Wednesday, 25 November 2015

60 Seconds with Chrissie Loveday

Chrissie Loveday is a prolific writer who has moved genre from many years of writing romance to exploring the depths of crime fiction. Living on the Cornish coast, her novels are full of excellent locations, using the stunning coastline to full effect. Her latest crime novel, The Phoenix Project, was released on November 19th and her latest wartime romance is currently resting with her agent.

Tell us a little about you and your writing.

After spending most of my life working in education, I started writing about twenty years ago. I wrote romantic fiction and was soon writing for D C Thomson. They took most of what I was writing and then I sold on to Ulverscroft. I broke with them earlier this year for various reasons. Now, I seem to be writing for e-books.

You write in more than one genre, why is that?

I wanted to expand my writing and as I read a lot of crime fiction, I thought I’d give that a try. It seemed to be reasonably successful. I shall still go back to romance from time to time.

What’s the best thing about being a writer? 

The best thing about being a writer is the freedom it gives. I can choose to write or not as the mood takes me. Best of all, I can create whole worlds inhabited by people from my imagination. Sometimes they take over and I find them acting in ways I had never intended. Interesting!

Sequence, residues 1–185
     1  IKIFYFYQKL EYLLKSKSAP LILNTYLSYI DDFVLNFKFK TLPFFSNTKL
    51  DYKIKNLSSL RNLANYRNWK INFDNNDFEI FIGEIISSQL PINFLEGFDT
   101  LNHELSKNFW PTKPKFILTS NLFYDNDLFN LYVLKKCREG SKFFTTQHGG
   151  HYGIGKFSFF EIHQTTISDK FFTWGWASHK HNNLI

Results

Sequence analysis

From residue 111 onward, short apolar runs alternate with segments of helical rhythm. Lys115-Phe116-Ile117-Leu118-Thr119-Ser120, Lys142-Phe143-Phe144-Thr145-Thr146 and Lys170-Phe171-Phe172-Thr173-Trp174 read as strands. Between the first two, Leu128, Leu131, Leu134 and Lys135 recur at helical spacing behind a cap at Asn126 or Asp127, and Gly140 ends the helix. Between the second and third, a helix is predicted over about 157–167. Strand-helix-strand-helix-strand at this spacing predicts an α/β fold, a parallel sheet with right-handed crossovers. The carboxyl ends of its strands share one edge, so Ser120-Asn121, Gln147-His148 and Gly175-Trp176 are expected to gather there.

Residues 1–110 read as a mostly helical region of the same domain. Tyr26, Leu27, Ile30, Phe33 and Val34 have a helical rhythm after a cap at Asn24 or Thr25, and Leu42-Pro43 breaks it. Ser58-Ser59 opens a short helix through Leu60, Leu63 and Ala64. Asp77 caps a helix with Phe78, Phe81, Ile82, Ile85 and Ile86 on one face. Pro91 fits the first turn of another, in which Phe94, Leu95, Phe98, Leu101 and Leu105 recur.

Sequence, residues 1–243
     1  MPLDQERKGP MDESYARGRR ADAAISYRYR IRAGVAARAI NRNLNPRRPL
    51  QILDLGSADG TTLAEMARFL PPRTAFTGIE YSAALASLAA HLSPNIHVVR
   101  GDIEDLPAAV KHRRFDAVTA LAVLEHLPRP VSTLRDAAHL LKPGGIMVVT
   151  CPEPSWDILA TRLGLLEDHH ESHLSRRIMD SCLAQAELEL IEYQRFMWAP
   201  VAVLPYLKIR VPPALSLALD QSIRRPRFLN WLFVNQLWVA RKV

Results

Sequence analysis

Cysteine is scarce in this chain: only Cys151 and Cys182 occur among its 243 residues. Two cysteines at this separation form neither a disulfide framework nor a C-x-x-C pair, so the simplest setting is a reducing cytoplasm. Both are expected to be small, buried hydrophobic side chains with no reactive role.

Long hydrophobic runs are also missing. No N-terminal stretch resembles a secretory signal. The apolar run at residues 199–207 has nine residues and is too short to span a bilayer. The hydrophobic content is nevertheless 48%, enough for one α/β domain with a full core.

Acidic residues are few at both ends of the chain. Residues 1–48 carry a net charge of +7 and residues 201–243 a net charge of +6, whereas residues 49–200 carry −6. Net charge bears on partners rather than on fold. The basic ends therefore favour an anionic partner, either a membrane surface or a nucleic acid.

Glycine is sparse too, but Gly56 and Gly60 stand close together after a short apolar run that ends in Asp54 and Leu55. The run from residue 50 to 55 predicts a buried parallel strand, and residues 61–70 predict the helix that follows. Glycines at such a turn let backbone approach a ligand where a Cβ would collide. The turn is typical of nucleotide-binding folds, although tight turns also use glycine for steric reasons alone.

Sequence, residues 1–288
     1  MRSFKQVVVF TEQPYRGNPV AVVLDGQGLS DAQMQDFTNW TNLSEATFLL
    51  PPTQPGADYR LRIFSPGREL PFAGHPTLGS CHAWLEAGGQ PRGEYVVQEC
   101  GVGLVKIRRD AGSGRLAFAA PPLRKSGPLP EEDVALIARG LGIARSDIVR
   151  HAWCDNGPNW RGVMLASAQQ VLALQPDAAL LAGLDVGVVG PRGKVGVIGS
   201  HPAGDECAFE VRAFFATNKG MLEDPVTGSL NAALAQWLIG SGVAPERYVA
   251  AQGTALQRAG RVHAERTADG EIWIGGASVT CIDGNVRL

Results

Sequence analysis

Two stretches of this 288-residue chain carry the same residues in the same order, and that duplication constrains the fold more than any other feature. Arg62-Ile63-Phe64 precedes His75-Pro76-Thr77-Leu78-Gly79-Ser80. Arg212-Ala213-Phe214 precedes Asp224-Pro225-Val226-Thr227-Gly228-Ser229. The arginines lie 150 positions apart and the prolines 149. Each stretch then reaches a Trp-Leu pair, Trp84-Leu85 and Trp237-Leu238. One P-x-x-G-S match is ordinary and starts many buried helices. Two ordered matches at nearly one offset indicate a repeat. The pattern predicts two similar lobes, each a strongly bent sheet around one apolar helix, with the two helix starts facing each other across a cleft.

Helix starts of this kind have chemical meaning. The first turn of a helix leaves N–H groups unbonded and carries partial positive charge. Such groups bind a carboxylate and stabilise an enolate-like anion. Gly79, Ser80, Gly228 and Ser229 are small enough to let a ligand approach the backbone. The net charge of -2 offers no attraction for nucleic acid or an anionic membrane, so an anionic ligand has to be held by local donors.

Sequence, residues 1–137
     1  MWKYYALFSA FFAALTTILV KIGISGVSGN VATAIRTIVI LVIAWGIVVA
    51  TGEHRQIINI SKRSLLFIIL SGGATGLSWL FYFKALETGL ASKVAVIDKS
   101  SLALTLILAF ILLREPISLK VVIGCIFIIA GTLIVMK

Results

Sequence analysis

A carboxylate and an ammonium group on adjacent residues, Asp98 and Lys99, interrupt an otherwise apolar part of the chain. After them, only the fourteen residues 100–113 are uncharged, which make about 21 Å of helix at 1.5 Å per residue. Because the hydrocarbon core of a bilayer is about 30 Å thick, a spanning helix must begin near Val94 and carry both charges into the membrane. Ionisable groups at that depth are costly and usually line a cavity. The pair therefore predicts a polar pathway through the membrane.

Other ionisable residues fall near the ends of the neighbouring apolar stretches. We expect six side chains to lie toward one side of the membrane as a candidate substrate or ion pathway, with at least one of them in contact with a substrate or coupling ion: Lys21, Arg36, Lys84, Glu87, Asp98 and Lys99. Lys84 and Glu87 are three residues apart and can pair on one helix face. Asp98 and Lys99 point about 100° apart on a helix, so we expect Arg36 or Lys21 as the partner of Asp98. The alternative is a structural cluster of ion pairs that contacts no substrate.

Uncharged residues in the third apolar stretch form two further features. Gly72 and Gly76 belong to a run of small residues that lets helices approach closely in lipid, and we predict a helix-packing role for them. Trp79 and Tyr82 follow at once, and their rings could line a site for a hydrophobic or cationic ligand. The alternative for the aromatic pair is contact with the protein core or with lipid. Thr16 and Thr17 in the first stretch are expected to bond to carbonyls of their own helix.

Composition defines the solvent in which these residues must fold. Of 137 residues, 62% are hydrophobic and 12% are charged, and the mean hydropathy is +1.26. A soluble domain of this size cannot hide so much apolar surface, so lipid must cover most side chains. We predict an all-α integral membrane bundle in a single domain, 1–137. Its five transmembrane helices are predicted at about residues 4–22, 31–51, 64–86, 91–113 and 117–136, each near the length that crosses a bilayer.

And the worst?

It’s the editing I find most difficult … well not difficult but tedious. But it has to be done and I hope the books are as near perfect editorially as I can make them. Deadlines are also a problem but as I usually make my own, that isn’t too demanding.

Where do you write? 

I have my ‘office’ at one side of my bedroom. I have a gorgeous view over the sea and have to admit to watching when the waves are crashing against the cliffs opposite. 

What does your love of Cornwall and your Cornish locale bring to your writing?

I love creating new places to write about. I think of somewhere I know and make additions to it and of course, give it a new name. It’s such a beautiful county with moors and seaside … all so very inspirational.

Which three books would you take to a desert island?

Three books to take to a desert island ...a tricky one. I’d probably like a Dylan Thomas poetry and plays combined: Agatha Christie compilation: Nora Roberts when she wrote mysteries rather than pure romance.

Which author do you most admire, and why?

It’s very difficult to single out one author … it depends on what I’m reading at the time. Perhaps Peter James is one of my favourites. He writes complex mysteries and keeps one guessing to the end. And there are lots of books to choose from.

What are your future writing plans?

I have an idea for another mystery next and I’m planning to begin that fairly soon. I also have another idea for a follow up on a romance I wrote a while back. I do like to do these sort of things as people know the characters and like to know what happened to them. 

Facebook: Chrissie Loveday

Twitter: @chrissieloveday


  1. Interesting interview and with an office view like yours I don't know how you get any writing done!
    Angela Britnell

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